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Data Revolution in Indian agriculture

  • IASbaba
  • October 9, 2021
  • 0
UPSC Articles
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AGRICULTURE/ GOVERNANCE

  • GS-2: Government policies and interventions for development in various sectors and issues arising out of their design and implementation.
  • GS-3: Indian Economy and issues relating to it.
  • GS-3: Agriculture

Data Revolution in Indian agriculture

Context: Recently, a document on “Indian Agriculture: Ripe for Disruption” was released by a private organisation Bain and Company.

Key Takeaways of the report

  • The Bain report is a data-based prediction on agri-business scenarios 
  • It includes targeting the production of alternative proteins, and food cell-based food/ingredients and initiating ocean farming, etc. 
  • The agriculture sector (currently worth $370 billion), is estimated to receive an additional $35 billion investment. 
  • The two enabling conditions for such investment opportunities are 
  • The Indian agriculture sector in future will encompass farm to fork and pave the way for a single national market with a national platform with better connection between producer and consumers. 
    • The report has convincingly demonstrated the business opportunity available in supply chains between farm to Agricultural Produce Market Committee (APMC) mandi and mandi to the customer, which can be realised with the support of digital disruption and the latest agriculture reforms.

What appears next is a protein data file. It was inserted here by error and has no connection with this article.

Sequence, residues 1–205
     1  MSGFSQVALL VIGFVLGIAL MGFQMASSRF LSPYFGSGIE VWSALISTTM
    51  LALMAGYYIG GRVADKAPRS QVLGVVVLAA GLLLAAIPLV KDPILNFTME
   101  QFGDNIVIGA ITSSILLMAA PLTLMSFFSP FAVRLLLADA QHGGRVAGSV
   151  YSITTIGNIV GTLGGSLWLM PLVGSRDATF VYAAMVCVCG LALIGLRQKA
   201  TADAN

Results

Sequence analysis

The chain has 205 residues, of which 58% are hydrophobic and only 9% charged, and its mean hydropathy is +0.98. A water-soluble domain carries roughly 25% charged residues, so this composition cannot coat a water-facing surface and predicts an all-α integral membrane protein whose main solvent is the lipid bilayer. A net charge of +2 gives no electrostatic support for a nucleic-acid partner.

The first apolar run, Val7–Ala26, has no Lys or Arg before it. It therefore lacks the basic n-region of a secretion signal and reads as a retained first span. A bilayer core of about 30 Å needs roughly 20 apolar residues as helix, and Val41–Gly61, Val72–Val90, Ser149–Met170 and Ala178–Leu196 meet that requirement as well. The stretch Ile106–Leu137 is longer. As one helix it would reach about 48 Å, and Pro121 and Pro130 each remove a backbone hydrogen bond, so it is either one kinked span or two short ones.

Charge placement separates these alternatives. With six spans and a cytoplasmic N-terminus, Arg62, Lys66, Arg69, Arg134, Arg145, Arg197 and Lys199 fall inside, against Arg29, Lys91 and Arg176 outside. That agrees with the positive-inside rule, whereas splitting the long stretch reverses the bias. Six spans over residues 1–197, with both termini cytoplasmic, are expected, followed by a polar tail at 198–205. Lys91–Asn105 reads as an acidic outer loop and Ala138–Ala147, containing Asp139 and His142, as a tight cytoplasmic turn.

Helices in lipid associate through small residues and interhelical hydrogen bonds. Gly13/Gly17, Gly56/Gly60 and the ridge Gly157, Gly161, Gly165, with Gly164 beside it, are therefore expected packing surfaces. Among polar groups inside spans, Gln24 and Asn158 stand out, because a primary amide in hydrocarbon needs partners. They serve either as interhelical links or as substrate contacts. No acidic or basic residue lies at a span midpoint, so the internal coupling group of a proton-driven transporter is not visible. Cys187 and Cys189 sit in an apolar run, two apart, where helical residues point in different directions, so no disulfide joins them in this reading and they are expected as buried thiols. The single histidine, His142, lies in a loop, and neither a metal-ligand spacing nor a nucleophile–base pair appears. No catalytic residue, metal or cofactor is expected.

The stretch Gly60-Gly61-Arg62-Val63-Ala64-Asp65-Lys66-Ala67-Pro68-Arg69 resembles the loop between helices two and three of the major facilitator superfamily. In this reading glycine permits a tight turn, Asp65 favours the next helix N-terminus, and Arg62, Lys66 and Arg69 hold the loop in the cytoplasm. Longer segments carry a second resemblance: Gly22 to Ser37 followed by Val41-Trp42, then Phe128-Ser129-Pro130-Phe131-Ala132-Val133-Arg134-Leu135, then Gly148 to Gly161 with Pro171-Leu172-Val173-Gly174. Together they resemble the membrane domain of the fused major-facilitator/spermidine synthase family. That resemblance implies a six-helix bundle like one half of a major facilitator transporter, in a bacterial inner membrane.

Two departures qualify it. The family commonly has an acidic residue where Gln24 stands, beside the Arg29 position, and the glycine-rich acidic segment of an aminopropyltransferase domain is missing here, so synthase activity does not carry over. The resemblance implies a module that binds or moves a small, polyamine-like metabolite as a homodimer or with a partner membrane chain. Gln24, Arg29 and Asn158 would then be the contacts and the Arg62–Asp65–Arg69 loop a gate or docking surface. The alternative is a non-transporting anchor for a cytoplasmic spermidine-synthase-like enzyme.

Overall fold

• The report argues that benefiting from the huge investments into the agri-ecosystem, doubling farmers’ income targets can be achieved in near future. 

Concerns or Challenges

  • The IT industry has opposition to IDEA mainly due to the ethics of creating a Unique Farmer ID based on one’s Aadhaar number and also the potential for data misuse. 
  • There is a general assumption that more investments into the agriculture sector will benefit farmers; ‘but how’ has not been convincingly answered in the report.
  •  Majority of small and marginal farmers are under-educated and not technology-savvy. However, capacity building of farmers is ignored amidst these ambitious developments. 
  • Protest of farmers against the reforms can act as a barrier or risk factor resulting in a repealing of these new farm laws. 

Way Forward

  • While agreeing on the fact that a data revolution is inevitable in the agriculture sector, given its socio-political complexities, we cannot just count on technology fixes and agri-business investments for improving farmers’ livelihoods. 
  • There need to be immense efforts to improve the capacities of the farmers, by establishing support systems, through FPOs and other farmers associations.
  • Considering the size of the agriculture sector of the country this is not going to be an easy task but would need a separate programme across the country with considerable investment. 

Connecting the dots:

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